more than half the world's population at the risk of vector-borne diseases such
as malaria, dengue,
leishmaniasis and yellow fever, the World Health Organization (WHO) has chosen
the same as the theme for this year's World Health Day with the slogan, "Small
bite, big threat". April 7th is celebrated every year as the World
Health Day, and it marks the anniversary of the founding of WHO in 1948.
What are Vectors?
are organisms that carry diseases from person to person and from one place to
another. These include agents such as mosquitoes, flies, ticks and bugs. The
important diseases caused include malaria
leishmaniasis and yellow fever. These diseases impose heavy health and economic
burdens. The most important aspect of vector-borne diseases is that they are
The poorest people in the world remain as the
ones mostly affected with vector-borne diseases. Poor housing, unsafe water,
contaminated environment are factors that serve as breeding grounds for
Which are the
Important Vector-borne Diseases?
Malaria is the biggest killer among
vector-borne diseases. It kills an estimated 627 000 people every year. Sadly
most of the new cases, i.e. about 200 million ones every year, are never tested
Forty percent of the world's population is at
risk from dengue, another mosquito-borne viral infection. Early detection and
proper medical access can bring down its fatality rates below 1%. Mosquitoes
are also notorious for causing yellow fever that tend to erupt in large
outbreaks and paralyze health systems.
Repeated bites of infected blackflies of the
results in Onchocerciasis or "river
causes severe joint
pain; the term is from the Makonde language and means "that which
bends up". Japanese encephalitis is a fatal infection that can permanently
damage the central nervous system. Schistosomiasis is responsible for poor
nutritional status and poor school performance.
The bite of infected female phlebotomine sandfly causes Leishmaniasis
. The visceral form
of the disease kills over 20,000 deaths annually. Lymphatic filariasis is another widely rampant
ailment that affects around 120 million people currently. Chagas disease,
affects nearly 10 million people worldwide and damages the muscles of the heart
in the long run.
Is there a
is the single and most powerful weapon that can be used
against the killer disease. Sadly, it has never been used to its full
potential. The 1940s and 1950s saw the advent of insecticides whose massive
usage served a strong blow to the prevailing diseases. However, the impulse
never lasted. Control programmes lost their vigour; policy formulation lapses,
poor administration, and vanished infrastructure brought back the diseases.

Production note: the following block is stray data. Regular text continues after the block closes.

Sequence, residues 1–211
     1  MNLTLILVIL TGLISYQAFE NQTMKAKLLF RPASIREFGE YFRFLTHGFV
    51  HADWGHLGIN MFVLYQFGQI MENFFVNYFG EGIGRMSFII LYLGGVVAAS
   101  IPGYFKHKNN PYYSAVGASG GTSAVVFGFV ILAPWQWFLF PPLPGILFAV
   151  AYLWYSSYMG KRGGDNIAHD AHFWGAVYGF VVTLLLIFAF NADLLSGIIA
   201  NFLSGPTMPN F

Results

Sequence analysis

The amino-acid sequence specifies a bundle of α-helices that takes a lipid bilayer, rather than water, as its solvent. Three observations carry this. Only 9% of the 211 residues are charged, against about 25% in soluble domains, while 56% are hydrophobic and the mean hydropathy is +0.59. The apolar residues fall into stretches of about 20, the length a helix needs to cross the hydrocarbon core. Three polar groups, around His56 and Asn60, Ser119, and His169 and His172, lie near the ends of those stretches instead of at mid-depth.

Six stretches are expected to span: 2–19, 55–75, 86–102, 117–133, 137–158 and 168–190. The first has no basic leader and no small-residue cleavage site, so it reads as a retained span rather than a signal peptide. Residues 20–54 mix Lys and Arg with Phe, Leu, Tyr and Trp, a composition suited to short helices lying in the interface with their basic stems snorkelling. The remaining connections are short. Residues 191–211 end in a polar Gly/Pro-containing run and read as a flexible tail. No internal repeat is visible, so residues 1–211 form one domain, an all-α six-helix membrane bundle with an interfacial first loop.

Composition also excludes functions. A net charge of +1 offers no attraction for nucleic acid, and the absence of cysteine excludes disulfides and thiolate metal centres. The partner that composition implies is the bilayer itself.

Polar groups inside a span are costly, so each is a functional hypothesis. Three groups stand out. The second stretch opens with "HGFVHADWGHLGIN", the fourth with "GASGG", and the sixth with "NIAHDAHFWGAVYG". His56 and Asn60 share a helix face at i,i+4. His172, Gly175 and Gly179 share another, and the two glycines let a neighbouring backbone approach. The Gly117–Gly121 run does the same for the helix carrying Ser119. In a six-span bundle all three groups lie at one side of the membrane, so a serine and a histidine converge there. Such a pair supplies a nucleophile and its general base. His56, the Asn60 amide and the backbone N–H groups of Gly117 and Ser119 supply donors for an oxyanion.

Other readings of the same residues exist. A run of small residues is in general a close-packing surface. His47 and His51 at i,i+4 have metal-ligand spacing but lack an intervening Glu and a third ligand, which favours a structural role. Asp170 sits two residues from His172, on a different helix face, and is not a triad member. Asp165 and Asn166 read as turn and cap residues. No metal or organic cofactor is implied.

Vectors gained resistance to the common insecticides.
One of the key messages for this year's World
Health Day is: "countries and their development partners must appreciate the
urgent need to act before an alarming situation deteriorates any further"
The available effective interventions include:
• Long lasting insecticide-treated bednets
- these are highly cost effective and
efficient. They offer protection against mosquito-borne
, particularly malaria. WHO recommends that these nets are
checked regularly for holes and replaced every 2-3 years.
• Indoor residual spraying with insecticides
-this is the most widely used method to control mosquitoes. It
is also effective against sandflies and bugs. Apt choice of insecticides
considering factors such as safety for humans and the environment can offer
protection for up to 12 months. However, at least 80 % of houses in a targeted
area need to be sprayed so that we get the maximum impact.
• Outdoor spraying-
Spraying outer surfaces of domestic animal
shelters, outdoor latrines and other damp places, aerial spraying of larvae
breeding sites are effective measures.
• Addition of certain approved insecticides
to drinking water storage containers is
effective against mosquito larvae, taking extreme measures that the doses are
not toxic for humans. Insect
in the form of coils, vaporizing mats, aerosols and
insecticide-impregnated curtains are also available.
Apart from the above mentioned steps WHO also
recommends: proper management of the environment so as to reduce breeding habitats,
biological control (for example, Larvivorous fish are effective in controlling
the larvae of Aedes mosquito), genetic control (the introduction of
genetically-engineering mosquitoes is a fine example), adequate waste
Timely medications, the introduction of effective
, ensuring blood and body
fluid safety, food safety add up to our ammunition.
can save millions and this calls out for a global
A global brief on vector-borne diseases- WHO